Hi James, how nice to read you, I tell you, I also worked as a field support engineer for the Agilent representative brand in my country. In addition to the macro book found on the web, do you consider that another book for macros is required?


I have never seen another book on the macros. I know at one time Agilent offered a class on the macro programming so maybe there were some Agilent reference books for that class, but I don't know how to get one. Possibly someone here has taken the class and has other material they can share.
The past is there to guide us into the future, not to dwell in.
I was, and still am a "computer idiot". However, I was able to make some data analysis macros for our 5971 software to provide Retention Index in place of CAS number when doing automated search of our TIC peaks. We had previously made our own specialized fragrance library (took over a year) and had entered in retention index data for each known.

I first made a copy of the original macro using a different name, then adjusted what lines I needed, and then copied that in with the original file name, and tried to see if it worked.

I think someone in a different department who was better at computer helped us with a macro to list all the data in our custom library either by Entry Number or by alphabetic order.

No, I never took the HP Macro training class, would've been over my head. But there was an HP booklet on writing macros, so at that time it was somewhat expected that some would write macros. I think as cGMP became more involved, that some of this was way more difficult and complicated.
KM-USA wrote:
I was, and still am a "computer idiot". However, I was able to make some data analysis macros for our 5971 software to provide Retention Index in place of CAS number when doing automated search of our TIC peaks. We had previously made our own specialized fragrance library (took over a year) and had entered in retention index data for each known.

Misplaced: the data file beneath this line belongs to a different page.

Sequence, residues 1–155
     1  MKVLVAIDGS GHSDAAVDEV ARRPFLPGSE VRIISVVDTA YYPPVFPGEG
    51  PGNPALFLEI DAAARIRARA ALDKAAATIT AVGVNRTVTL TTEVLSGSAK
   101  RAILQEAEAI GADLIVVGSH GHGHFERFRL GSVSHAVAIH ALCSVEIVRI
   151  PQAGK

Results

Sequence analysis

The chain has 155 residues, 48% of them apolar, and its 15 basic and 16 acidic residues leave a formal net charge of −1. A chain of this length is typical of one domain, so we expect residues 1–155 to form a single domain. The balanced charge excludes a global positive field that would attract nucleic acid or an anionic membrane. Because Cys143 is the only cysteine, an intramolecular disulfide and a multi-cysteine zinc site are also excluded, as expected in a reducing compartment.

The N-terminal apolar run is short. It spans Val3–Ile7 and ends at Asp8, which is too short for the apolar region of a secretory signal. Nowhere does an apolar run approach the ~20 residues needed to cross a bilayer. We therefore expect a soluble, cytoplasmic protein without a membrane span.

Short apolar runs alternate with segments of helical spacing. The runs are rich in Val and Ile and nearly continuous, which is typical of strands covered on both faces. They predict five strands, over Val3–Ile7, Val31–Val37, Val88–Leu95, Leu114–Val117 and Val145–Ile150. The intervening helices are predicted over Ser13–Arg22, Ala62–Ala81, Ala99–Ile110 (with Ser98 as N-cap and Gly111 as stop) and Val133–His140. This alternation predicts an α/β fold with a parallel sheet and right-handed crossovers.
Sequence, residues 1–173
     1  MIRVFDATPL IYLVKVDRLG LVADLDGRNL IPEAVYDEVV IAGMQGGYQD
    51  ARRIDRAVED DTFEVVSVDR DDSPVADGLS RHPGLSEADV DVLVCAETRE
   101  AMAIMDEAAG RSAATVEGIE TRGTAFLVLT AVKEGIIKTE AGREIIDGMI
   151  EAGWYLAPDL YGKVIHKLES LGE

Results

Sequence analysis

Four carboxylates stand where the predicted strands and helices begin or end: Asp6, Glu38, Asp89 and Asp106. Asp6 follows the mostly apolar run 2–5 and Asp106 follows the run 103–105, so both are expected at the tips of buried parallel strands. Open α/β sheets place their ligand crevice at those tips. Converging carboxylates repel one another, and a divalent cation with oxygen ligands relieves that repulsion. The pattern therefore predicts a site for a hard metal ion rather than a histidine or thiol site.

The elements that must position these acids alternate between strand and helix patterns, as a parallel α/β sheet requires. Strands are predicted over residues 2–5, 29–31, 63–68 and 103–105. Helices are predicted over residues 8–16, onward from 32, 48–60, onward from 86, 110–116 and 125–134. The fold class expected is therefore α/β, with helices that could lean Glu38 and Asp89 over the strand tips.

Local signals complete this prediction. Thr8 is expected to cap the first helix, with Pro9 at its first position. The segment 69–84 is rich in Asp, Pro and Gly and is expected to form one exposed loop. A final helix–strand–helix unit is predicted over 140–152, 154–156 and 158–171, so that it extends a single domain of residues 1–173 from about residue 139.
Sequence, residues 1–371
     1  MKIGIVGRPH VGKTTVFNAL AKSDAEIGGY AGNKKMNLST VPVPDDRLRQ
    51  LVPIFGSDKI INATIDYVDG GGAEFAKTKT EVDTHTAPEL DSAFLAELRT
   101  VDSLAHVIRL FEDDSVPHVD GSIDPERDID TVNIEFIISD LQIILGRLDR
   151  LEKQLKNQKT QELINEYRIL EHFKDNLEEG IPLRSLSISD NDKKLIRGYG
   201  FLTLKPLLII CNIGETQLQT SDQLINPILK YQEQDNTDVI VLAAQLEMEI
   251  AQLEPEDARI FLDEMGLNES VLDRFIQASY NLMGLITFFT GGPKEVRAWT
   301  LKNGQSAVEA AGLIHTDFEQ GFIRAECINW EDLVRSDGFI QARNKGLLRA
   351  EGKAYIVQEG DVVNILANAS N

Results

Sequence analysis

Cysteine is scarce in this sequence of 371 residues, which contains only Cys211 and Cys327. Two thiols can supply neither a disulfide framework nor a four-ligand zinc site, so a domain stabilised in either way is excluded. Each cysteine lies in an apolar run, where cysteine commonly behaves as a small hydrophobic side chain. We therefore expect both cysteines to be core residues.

I first made a copy of the original macro using a different name, then adjusted what lines I needed, and then copied that in with the original file name, and tried to see if it worked.

I think someone in a different department who was better at computer helped us with a macro to list all the data in our custom library either by Entry Number or by alphabetic order.

No, I never took the HP Macro training class, would've been over my head. But there was an HP booklet on writing macros, so at that time it was somewhat expected that some would write macros. I think as cGMP became more involved, that some of this was way more difficult and complicated.



So do you think that is very difficult?
Henrylozano wrote:
So do you think that is very difficult?


Remember: learning what a mouse was and what Windows 286 was, with that 5971A software was difficult for me ! I had never heard of either before.

That Windows 286 had "MS-DOS Executive, before File Manager.